I am still getting used to using this radio. I have only needed to go to the manual for the major items, such as how to turn on the TNC, and how to wire up the cables. Apart from that operating the radio is a piece of Cake. I am not saying that you should not read the manual. In the case of this radio the manual will tell you a lot about the radio and how it works. 90% of the time you will not need any information from the manual. But when you need the manual, you need it real bad.
People that hate mice, and cursor keys will hate this radio. On the front of this radio, Kenwood have placed an cursor device used to change frequencies and enter information. Once you get used to how it works, it is surprisingly quick to use. The keypad is not suitable for people with long nails or big fingers.
The numbers on the numeric keypad are quite hard to read at times. It is almost as if the numbers are an afterthought. I find myself just remembering where the numbers are. It works better that way. Besides, with 200 memories you do not need to enter numbers very often.
The antenna connector is unlike any I have seen on any HT to date. For some reason Kenwood chose a [SMA] connector for the antenna. This is an interesting choice being a deviation from the more normal BNC connector. Adapters are available, but not cheap. The antenna itself is a tiny bit too rubbery. Friends have reported far better results with an after market antenna of a similar size.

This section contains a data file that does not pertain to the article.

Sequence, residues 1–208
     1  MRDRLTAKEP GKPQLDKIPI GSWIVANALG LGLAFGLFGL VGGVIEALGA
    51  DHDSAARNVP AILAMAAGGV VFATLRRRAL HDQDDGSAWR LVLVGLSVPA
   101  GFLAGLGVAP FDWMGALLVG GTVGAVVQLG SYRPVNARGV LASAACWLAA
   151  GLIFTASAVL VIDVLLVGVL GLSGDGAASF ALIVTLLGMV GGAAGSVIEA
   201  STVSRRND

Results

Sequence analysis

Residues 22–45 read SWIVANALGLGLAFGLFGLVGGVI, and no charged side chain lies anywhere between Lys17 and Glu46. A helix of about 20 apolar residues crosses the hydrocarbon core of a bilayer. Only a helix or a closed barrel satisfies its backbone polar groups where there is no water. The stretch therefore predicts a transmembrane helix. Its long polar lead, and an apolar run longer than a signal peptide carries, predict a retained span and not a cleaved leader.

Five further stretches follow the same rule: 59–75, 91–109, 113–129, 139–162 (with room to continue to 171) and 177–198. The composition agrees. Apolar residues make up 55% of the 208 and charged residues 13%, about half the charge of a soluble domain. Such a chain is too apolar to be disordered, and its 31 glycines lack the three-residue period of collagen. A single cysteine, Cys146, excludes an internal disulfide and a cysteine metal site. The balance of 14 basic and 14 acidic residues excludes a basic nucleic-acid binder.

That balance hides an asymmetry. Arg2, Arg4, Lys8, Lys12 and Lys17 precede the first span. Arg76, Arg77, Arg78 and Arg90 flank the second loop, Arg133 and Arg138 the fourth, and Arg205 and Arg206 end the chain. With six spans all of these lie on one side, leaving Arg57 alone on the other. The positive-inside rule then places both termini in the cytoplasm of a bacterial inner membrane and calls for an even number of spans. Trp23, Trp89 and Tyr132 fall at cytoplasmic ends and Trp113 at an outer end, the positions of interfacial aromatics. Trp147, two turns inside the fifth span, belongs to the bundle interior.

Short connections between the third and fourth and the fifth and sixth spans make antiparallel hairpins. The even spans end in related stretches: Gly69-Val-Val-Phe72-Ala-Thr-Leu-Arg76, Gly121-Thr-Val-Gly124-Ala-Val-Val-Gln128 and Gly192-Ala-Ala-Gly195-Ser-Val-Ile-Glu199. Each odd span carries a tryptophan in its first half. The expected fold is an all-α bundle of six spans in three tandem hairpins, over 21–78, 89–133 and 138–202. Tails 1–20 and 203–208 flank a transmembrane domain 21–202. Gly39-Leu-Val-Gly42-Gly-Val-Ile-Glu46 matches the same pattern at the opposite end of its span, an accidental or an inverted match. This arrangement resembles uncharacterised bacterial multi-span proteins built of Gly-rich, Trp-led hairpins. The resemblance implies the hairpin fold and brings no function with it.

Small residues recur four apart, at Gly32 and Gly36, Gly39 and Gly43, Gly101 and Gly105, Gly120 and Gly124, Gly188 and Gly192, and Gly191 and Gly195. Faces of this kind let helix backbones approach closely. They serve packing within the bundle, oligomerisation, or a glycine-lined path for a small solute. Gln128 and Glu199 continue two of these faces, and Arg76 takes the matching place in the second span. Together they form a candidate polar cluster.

I can just see myself working on a WICEN event with the D7A clipped to my belt, probably behind me, with an extension mic for VOICE communications, holding the GPS receiver showing me where the other stations are..
On the Air
One of the first tests of this radio was with David Byrnes, VK2XMF and myself round Hyde Park in the centre of Sydney. David purchased his radio the same time I purchased mine. For the first test he hooked our D7E’s up to our GPS recievers. David uses a Magellan and I use a Garmin GPS-12.
We set up the handhelds to transmit our positions every few seconds on VHF whilst we talked on UHF. As we walked around Hyde Park, the D7E would kept track of where the other handheld was, and displayed it’s position on it’s LCD display. Not bad, but then I looed at my GPS receiver – the D7A had told the GPS where David was and plotted his position on my GPS receiver next to his callsign.